Setting The Captives Free?

Konstantin Kharchev, the Soviet official in charge of religious affairs, has assured U.S. Sen. Richard Lugar (R-Ind.) that “by November, all prisoners of faith [in the Soviet Union] will be freed.”

During a meeting in Washington, D.C., Lugar called for the amnesty of more than 200 Christian prisoners jailed for religious reasons, the lifting of restrictions on the religious education of children, permission for churches to perform charitable work, and the printing of the Bible and other religious materials. The senator also urged the reopening of churches, the cessation of official attacks on churches, and approval for a greater number of Christians and Jews to emigrate.

Lugar’s office said Kharchev admitted the Soviet Union’s 70-year history contains many difficult pages. “We … recognize we committed mistakes in our relations with religion,” the Soviet official said. “Many problems you mention we are trying to correct.”

A statement released by Lugar’s office after the meeting expressed cautious optimism. “Even while the Soviets talk about ‘glasnost,’ many enormous problems remain,” the statement read. “Whether these steps of improvement are evidence of a broad new spirit of tolerance or simply token gestures remains to be seen.”


Another Famine

A former Ethiopian official in charge of famine relief says hunger is spreading rapidly in that impoverished African nation.

“It appears there are now about 5 million people affected by famine …,” said Dawit Wolde Giorgis, who defected to the United States in 1985. “In what is now considered a normal year, 3 million Ethiopians have little or nothing to eat.” Dawit blamed widespread hunger on an ongoing civil war, inadequate rainfall, and government policies designed to exert control over the population at the expense of increased production.

The Ethiopian government has issued a request for 950,000 tons of emergency aid. The U.S. government has approved a shipment of 20,000 tons of food, and private American relief agencies are attempting to provide an additional 115,000 tons of food. In the massive famine of 1984 and 1985, about 9 million Ethiopians were on the point of starvation, and as many as 1 million are believed to have died.


Reopening A Seminary

For the first time since the Communist government reorganized Vietnam’s Catholic church, a second seminary has been reopened to train candidates for the priesthood.

Saint Joseph’s Seminary reopened this year in Ho Chi Minh City (formerly Saigon) with an enrollment of 49. Previously, Vietnam’s Catholic church was allowed to operate only one seminary. The church hopes to open four additional seminaries in various parts of the country.

Fewer than 2,500 priests serve Vietnam’s 4.5 million Catholics. At least 200 priests have been arrested since the southern part of the country came under Communist rule in 1975, according to David Marr, an American who recently completed a study of religion in Vietnam. Some of the imprisoned priests had served as South Vietnamese military chaplains, he says, and others may have been suspected of having links to antigovernment exile groups.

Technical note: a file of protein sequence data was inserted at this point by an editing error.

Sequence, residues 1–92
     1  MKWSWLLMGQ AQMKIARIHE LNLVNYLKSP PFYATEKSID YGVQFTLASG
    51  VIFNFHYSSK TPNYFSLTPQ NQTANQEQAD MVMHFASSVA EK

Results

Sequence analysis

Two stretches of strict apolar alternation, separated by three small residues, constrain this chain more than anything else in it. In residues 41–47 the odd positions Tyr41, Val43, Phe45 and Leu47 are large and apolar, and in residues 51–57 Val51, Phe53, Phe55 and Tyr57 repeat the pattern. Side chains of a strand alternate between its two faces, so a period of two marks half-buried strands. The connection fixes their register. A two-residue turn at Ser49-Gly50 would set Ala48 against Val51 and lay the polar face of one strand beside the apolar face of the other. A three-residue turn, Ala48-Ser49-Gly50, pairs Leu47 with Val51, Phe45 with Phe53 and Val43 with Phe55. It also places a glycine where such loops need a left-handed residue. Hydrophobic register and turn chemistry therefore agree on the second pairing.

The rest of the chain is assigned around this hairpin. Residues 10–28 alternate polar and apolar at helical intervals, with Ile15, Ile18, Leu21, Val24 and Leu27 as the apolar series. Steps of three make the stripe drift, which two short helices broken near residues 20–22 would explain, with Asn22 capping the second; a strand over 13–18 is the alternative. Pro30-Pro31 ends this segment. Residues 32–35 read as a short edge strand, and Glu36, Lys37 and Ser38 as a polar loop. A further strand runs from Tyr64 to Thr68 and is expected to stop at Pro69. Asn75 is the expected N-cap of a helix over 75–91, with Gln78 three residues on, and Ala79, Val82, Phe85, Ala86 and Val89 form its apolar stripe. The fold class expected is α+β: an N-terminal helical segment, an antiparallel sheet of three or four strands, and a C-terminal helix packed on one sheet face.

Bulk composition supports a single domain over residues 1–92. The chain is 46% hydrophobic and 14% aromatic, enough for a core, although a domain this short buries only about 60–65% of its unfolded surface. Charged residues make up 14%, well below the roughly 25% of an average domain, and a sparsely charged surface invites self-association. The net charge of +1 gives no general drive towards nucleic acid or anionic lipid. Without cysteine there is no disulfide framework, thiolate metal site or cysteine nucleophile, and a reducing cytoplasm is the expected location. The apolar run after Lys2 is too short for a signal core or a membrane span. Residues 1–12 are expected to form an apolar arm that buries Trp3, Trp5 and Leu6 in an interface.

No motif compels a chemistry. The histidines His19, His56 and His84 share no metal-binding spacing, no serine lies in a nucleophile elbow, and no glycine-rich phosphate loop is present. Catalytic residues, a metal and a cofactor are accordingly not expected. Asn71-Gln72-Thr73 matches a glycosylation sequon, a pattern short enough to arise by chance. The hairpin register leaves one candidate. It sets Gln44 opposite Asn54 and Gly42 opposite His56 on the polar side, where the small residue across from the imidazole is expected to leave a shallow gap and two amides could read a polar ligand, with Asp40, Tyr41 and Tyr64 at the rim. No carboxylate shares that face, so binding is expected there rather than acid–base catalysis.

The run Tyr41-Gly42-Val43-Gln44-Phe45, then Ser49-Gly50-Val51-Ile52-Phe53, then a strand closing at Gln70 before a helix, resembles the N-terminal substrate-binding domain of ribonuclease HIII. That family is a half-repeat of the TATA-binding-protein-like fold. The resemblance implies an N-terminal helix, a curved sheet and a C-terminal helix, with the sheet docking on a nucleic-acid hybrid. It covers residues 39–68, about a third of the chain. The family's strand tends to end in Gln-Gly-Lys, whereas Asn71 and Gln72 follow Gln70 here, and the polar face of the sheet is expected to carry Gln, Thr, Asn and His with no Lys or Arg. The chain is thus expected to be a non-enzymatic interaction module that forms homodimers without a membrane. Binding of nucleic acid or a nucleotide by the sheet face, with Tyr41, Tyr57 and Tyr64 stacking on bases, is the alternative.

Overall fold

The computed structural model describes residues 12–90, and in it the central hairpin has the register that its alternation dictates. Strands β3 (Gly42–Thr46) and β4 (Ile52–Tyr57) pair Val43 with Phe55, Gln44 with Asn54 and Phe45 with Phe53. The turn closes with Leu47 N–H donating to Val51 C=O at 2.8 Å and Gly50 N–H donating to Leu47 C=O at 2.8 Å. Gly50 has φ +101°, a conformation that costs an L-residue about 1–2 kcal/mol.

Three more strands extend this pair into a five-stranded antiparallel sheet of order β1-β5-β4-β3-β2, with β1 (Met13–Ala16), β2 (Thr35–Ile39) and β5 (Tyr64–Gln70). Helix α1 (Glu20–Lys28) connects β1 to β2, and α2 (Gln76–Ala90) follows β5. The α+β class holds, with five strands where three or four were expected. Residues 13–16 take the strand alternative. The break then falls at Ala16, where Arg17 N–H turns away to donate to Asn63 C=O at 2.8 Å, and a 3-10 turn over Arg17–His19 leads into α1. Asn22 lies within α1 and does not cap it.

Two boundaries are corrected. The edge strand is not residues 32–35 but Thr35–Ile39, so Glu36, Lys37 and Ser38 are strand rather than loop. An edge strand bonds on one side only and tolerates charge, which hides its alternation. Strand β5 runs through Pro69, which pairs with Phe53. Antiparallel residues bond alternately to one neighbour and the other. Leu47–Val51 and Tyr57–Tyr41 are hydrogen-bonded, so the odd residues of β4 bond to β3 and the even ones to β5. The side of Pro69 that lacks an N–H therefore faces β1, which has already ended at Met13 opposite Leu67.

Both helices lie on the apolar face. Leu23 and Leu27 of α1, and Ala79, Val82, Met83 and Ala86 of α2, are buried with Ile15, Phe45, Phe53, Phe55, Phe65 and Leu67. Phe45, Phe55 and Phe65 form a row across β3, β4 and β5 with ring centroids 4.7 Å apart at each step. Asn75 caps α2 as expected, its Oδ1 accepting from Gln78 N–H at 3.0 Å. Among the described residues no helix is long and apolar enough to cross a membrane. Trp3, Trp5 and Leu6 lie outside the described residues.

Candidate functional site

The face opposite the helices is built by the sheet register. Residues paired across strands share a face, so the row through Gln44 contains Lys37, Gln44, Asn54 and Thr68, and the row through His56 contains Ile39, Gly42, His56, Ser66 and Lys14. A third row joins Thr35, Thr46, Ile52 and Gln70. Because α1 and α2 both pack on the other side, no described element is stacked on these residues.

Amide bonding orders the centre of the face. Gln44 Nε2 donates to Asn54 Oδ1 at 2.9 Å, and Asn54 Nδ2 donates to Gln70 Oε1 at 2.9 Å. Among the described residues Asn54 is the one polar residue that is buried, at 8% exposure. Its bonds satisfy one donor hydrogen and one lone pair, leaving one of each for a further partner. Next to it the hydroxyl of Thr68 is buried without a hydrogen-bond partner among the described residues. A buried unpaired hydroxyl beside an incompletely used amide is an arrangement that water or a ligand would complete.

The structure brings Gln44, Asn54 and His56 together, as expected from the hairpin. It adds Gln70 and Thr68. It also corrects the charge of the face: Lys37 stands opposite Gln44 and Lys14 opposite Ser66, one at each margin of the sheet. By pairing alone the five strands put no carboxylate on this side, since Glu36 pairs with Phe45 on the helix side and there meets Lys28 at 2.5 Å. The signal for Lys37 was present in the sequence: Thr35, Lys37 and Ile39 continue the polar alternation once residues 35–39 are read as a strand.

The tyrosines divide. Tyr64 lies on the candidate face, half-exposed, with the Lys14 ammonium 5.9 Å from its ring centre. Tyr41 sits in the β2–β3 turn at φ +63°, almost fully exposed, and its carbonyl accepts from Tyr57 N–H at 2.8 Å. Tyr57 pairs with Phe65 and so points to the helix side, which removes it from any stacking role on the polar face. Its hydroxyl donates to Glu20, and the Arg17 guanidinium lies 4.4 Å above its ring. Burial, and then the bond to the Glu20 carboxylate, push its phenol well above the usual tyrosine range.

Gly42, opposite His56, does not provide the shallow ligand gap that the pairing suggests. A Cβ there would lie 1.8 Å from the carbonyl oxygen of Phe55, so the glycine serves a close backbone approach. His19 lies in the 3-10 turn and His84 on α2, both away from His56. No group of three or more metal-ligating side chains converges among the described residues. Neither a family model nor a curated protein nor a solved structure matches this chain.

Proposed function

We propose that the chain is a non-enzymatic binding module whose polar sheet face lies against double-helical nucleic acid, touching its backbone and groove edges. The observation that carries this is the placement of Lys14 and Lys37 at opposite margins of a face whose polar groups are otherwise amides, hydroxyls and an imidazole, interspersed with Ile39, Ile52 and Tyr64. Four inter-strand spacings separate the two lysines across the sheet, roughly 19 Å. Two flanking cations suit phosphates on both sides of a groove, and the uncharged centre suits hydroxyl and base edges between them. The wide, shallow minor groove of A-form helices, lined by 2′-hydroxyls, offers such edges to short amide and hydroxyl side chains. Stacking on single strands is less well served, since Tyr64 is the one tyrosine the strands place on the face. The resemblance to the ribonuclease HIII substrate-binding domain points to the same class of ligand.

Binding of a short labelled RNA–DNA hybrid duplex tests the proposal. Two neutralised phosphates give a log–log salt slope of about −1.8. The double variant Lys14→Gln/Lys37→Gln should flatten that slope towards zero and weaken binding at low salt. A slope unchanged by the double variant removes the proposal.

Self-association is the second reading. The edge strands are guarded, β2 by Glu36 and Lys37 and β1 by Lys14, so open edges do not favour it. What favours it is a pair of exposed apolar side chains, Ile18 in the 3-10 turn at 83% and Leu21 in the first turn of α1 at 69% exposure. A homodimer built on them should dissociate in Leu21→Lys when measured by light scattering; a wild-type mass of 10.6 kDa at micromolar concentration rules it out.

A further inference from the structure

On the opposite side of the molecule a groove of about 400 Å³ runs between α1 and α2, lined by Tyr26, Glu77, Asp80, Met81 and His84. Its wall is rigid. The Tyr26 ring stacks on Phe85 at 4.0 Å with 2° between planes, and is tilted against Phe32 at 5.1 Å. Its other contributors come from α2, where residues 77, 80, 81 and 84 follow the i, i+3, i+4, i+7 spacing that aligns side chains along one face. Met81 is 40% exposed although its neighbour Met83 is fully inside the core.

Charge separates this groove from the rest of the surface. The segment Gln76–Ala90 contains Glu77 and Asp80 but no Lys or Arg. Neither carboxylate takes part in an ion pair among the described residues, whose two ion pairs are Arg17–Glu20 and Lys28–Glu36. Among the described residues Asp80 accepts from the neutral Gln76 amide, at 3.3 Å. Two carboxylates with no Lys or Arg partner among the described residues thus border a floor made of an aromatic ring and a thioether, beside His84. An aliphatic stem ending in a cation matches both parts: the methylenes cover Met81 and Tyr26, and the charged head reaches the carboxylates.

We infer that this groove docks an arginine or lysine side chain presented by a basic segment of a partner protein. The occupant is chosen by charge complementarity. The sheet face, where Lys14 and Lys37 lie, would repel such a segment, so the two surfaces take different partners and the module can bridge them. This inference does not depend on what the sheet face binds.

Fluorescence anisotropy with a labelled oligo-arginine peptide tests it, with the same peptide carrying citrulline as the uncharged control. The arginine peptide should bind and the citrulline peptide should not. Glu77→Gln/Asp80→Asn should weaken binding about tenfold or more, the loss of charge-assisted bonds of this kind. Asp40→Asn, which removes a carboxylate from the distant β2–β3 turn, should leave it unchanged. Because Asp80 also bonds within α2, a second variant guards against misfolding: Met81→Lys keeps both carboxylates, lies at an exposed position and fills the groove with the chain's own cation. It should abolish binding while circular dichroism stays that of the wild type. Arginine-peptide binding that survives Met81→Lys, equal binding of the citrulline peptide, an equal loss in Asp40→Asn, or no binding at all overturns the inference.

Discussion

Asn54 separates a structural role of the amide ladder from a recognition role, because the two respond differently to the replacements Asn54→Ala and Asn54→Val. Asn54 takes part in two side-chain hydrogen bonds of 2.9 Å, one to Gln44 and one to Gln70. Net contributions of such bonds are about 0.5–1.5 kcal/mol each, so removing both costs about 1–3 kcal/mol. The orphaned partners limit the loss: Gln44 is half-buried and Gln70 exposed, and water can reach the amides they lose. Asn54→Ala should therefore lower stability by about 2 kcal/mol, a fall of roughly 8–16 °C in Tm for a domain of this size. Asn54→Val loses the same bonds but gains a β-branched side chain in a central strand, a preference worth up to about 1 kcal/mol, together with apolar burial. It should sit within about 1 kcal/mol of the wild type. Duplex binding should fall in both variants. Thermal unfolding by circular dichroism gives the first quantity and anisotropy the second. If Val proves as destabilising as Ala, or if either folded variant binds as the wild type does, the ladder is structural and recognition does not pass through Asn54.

“In most cases, however, they have probably incurred government wrath by ignoring warnings to limit their activity to prayers and rituals,” he wrote in a report for the Washington, D.C. based Center for International Policy. “Instead, they tried to serve their flocks in whatever way seemed beneficial at the time.”


Breakaway Anglican Church

Opponents of women’s ordination have left Australia’s Anglican Church to form the Anglican Catholic Church. The new denomination counts seven parishes and more than ten priests among its supporters.

The new church will be under the spiritual oversight of bishops in Canada and the United States. Alfred Woolcock, presiding bishop of the Anglican Catholic Church of Canada, will be in charge of churches in eastern and southern Australia. Archbishop Louis Falk, head of the Anglican Catholic Church of America, will oversee churches in western Australia.

Earlier this year, the general synod of the Anglican Church in Australia narrowly defeated a motion to ordain women as priests. It was the second time in as many years that the measure failed to gain synod approval.

“The issue is not the ordination of women, but the authority of the general synod,” said Albert Haley, a retired Anglican Church rector who has sided with the new church. “We simply do not recognize the power of local synods to alter the faith and practice of the worldwide church.”

Anglican Church Archbishop Keith Rayner said more parishes might leave the denomination if it should decide to ordain women in the future. “But the threat is far greater,” he said, “if we avoid facing this issue squarely.”

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A Bishop Is Arrested

For the first time in the Indian state of Madhya Pradesh, a law against forced religious conversions has been invoked to arrest a Roman Catholic bishop.

Bishop Pascal Topno was charged with converting members of two Hindu families to Christianity and then failing to report the action to authorities. The law banning forced conversions in Madhya Pradesh requires evangelists to report all conversions to the government.

The church newspaper Kerala Times said the real reason behind Topno’s arrest was Hindu “intolerance and ill will” against missionary activities that have helped tribal people escape economic oppression at the hands of non-tribalists.

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